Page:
Now that I had 6 different “material groups” I could quickly adjust the values and it allowed me to have several different real-time editable material types in a single material, such as plastics, glass, metal and so on.

At this point I was pretty happy with my master material, but when looking closer at my asset I realized I needed some micro detail when doing close-up shots. The first thing that came to mind was to add a detail normal, but quickly decided against that, because I've never really been a fan of the results you get with that. Instead I went through the Megascans material library that comes bundled with DDO and took one of the roughness maps associated with one of said materials, I then coupled the roughness map with the unique roughness map created for the asset.

I really didn't know what to expect, seeing as I'd never tried this before, but when I saved the material and previewed it, it looked really good, so I decided to go with this approach.

I ended up using two different Megascans roughness masks (or scuff maps, if you prefer) for the scene. One brushed steel and one scratched aluminum, which I switched between depending on the target surface. These scans were also used for the unique texturing with DDO and really helped me create believable clean surfaces easily.

The way my maps are set up is as follows:

Albedo (RGB) Specular (RGBA) – Roughness in Alpha Mask (RGBA) - AO in Alpha Normal (RGB)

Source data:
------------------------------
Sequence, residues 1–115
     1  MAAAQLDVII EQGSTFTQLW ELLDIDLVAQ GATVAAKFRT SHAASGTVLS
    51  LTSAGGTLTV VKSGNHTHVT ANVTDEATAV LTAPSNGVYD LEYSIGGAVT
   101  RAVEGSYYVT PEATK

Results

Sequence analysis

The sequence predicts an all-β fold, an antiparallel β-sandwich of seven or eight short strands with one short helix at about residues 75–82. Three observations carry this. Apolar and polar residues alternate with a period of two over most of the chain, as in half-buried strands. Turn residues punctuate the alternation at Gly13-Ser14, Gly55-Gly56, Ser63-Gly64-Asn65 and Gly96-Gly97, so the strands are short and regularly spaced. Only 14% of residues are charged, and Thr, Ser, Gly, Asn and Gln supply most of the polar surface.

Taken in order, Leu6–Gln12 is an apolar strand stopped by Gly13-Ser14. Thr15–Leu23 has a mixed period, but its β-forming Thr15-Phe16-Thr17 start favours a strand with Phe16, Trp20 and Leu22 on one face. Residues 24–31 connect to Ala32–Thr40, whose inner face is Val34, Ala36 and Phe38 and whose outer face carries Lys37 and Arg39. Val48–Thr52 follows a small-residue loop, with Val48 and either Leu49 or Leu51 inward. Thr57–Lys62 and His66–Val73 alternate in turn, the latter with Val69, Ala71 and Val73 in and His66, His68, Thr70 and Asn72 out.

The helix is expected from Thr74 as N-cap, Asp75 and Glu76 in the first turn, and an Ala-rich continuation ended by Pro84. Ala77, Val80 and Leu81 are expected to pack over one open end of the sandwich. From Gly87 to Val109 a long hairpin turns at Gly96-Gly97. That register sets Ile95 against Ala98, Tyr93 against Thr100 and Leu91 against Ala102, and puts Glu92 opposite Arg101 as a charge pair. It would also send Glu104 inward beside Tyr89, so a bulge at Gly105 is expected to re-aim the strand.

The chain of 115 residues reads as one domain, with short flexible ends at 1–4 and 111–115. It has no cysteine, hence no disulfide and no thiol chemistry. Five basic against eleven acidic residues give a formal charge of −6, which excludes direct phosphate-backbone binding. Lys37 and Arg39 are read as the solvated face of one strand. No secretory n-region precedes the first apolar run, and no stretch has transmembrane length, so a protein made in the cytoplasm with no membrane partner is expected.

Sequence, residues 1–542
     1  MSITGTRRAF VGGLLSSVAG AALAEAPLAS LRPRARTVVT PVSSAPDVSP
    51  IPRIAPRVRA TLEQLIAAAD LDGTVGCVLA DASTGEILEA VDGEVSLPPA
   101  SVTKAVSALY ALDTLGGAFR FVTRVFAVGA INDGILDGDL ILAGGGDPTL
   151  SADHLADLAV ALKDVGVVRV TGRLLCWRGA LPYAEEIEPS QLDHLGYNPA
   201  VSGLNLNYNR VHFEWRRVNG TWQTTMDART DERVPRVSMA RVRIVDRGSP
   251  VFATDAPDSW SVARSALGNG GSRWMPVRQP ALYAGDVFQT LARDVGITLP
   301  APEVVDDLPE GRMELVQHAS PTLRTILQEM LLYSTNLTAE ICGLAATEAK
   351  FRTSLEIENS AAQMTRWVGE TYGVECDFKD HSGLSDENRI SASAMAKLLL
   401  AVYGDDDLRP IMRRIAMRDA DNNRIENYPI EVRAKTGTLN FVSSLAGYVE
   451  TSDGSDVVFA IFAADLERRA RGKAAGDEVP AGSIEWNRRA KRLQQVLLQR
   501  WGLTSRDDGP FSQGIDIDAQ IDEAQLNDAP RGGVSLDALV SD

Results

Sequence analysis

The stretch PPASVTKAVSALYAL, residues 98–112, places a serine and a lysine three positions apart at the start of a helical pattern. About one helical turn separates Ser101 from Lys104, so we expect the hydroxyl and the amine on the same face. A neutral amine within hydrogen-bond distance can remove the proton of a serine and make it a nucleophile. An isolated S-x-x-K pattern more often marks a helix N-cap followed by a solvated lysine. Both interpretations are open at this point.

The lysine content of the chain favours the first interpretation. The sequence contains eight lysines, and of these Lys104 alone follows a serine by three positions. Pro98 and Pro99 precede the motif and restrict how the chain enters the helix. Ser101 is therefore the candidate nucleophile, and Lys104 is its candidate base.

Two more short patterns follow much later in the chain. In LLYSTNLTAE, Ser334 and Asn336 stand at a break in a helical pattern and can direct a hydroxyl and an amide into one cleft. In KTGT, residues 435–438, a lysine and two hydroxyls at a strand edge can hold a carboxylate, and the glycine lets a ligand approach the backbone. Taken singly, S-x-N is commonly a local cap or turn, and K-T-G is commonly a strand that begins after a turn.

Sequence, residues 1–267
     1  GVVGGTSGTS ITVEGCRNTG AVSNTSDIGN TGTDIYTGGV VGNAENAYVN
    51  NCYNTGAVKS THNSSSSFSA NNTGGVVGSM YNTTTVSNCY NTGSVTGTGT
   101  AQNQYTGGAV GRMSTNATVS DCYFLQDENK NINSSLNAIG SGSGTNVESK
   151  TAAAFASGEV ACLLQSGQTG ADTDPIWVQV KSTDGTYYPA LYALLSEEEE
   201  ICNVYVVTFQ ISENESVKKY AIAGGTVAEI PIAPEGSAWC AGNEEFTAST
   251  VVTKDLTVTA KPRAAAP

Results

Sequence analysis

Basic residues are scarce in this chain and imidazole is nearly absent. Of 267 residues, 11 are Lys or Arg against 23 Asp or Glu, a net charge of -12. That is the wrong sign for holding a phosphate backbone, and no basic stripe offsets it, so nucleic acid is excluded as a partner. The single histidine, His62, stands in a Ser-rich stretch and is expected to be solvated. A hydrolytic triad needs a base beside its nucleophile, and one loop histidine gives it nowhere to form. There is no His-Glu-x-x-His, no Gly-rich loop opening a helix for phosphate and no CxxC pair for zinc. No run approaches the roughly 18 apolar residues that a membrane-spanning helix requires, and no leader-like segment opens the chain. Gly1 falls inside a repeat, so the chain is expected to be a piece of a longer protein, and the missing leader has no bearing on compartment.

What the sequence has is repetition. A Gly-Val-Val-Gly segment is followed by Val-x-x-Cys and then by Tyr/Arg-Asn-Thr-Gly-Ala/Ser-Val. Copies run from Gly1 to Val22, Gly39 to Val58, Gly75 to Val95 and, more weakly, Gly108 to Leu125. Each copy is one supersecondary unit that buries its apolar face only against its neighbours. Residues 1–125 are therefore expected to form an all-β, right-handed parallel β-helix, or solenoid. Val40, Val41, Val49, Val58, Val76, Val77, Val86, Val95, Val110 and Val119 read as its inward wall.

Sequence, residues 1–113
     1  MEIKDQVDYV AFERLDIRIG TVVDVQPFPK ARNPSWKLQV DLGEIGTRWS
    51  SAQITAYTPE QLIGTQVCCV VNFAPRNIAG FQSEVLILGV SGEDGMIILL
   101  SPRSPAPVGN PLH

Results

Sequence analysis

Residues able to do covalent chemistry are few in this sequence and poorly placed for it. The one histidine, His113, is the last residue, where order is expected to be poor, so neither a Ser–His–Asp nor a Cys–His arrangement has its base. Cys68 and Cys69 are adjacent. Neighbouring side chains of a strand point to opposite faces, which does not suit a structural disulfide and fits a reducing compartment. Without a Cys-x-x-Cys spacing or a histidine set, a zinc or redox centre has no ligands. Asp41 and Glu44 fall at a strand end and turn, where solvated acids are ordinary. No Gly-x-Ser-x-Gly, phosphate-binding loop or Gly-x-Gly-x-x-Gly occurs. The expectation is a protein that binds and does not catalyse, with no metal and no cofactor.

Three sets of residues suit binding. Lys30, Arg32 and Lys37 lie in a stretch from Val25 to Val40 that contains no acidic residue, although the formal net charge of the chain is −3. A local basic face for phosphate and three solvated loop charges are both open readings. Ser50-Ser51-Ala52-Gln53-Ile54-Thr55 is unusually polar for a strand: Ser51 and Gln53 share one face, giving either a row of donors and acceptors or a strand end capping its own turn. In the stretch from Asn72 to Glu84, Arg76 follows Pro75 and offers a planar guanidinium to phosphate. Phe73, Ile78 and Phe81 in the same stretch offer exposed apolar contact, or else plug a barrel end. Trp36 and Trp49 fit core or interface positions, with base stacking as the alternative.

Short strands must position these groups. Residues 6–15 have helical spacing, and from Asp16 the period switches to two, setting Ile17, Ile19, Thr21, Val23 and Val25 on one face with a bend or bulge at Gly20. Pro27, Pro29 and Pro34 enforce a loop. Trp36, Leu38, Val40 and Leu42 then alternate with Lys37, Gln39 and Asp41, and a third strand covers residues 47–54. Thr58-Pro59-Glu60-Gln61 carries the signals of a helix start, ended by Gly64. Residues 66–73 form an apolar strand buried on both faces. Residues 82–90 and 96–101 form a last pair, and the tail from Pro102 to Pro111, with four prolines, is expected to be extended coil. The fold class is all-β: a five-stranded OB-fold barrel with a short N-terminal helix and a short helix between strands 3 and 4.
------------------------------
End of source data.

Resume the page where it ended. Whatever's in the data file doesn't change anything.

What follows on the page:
Looking back at the project I think I could've cut the memory cost a little bit by putting the Specular, Roughness and AO all in a single RGB texture, instead of having both the specular and mask as RGBA. The reason I did it this way was because the specular had a bit of color information in it, but if you're in a tight budget you should definitely consider putting the Spec, Roughness and AO in a single RGB texture. It would take the texture cost per asset down by 2.

Simple layered material with DDO

One thing I did for a couple of assets when I was in the process of wrapping the project up and wanted to quickly add some props was to actually not texture them. Instead I baked out an Object Space Normal, and an AO from the lowpoly. I then used these maps to create a mask in DDO which I then put into Unreal Engine 4. Using this mask I could then create a very simple layered material where white on the mask was for example rough paint and black was the underlying metal. The pipes, as an example, was created using this technique.


All in all this was an extremely educational project. I had the chance to learn a completely new engine to me, and I was pleasantly surprised to see how easy it was to get into. I also got the chance to create an entire environment using the Quixel SUITE together with UE4, which I had never done before. They played together really well and I encountered no hockups whatsoever.

The project took me about 4 weeks, most of which was me trying to figure stuff out in the engine, watching learning material and just trying new things out. The texturing, clumped together, took me less than a work day. Setting up a material that works well with DDO's output maps only takes a couple of minutes and requires no fiddling around at all.

The scene can be downloaded from the Unreal Marketplace for free for all subscribers and the scene contains all maps, materials and models which you can inspect all you want.

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Download PDF Version: Download

deusexbreakdown.txt · Last modified: 2014/06/09 07:10 by wiktor